Deborah Voigt Opens Up About Struggle With Addictions

Deborah Voigt Opens Up About Struggle With Addictions

By Victoria Kim 01/30/15

The famed opera singer opened up about her battles with alcohol, sex, and food in a new memoir.

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Opera singer Deborah Voigt details her struggle with addiction, from food to alcohol to sex, in a new memoir.

Call Me Debbie: True Confessions of a Down-to-Earth Diva details Voigt’s lifelong struggles with addiction, starting with food. A key moment was her first binge at age 5, when she gave in to an urge to down an entire jar of green olives, juice and all.

Her relationship with food continued to spiral out of control into adulthood, reaching a tipping point in 2004 when she was fired for being too fat to fit into a size 12 dress for a production of Strauss’ Ariadne aug Naxos at London’s Royal Opera House.

The decision incited public outrage, but Voigt understands the decision. “The problem was not that I was a little heavy. I was obese,” she told the Wall Street Journal. “There’s a difference between being a larger-than-life opera singer and what I was, a poster child for food addiction.”

The anti-diva was compelled to make a change. She used the money from the canceled performance and underwent gastric bypass surgery, which she had been considering before the ‘little black dress’ incident. “It was like the universe came together and said OK, this is what you should do. It’s time,” she said.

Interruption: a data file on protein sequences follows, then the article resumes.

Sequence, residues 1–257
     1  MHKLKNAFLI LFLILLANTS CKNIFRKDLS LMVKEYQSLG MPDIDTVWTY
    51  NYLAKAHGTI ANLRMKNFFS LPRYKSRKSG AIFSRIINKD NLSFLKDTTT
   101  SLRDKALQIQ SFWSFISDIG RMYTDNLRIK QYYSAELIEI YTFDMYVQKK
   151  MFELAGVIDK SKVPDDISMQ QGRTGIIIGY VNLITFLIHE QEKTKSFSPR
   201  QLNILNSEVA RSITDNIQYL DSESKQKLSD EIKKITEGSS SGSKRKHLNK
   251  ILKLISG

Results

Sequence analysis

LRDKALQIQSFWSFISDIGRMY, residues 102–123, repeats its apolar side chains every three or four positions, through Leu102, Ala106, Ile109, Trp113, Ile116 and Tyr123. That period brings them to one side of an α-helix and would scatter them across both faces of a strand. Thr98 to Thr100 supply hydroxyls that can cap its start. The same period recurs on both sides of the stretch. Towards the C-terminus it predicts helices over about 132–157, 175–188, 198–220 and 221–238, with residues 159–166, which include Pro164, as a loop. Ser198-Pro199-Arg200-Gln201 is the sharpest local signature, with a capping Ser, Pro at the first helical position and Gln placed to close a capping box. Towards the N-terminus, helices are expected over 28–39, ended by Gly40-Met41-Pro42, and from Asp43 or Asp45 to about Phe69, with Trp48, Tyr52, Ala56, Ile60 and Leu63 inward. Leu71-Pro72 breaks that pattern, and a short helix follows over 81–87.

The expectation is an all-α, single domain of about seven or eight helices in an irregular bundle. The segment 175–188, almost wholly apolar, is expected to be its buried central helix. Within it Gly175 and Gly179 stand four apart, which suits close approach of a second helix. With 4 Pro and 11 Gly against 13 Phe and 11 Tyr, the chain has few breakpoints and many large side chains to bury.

Voigt lost over 100 lbs. but that wasn’t the end of her addiction struggle. In the absence of food binges, drinking filled the void. “My drinking just escalated. It would be nothing for me to go through two bottles of wine, then my blackout would happen sometime around the third bottle,” she told PEOPLE magazine.

After going to rehab for her drinking in 2013, Voigt works on her sobriety every day. Voigt considered omitting mention of her “six-to-eight-month phase” of “being very promiscuous,” but realized it is a “critical element” to the idea of addictions.

“Whether it be food or clothes or gambling, I think all of us to a certain extent have an addiction to something,” she said. “I had to include that because it did feed some kind of a hole inside of me.”

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Victoria is interested in anything that has to do with how mind-altering substances impact society. Find Victoria on LinkedIn or Tumblr

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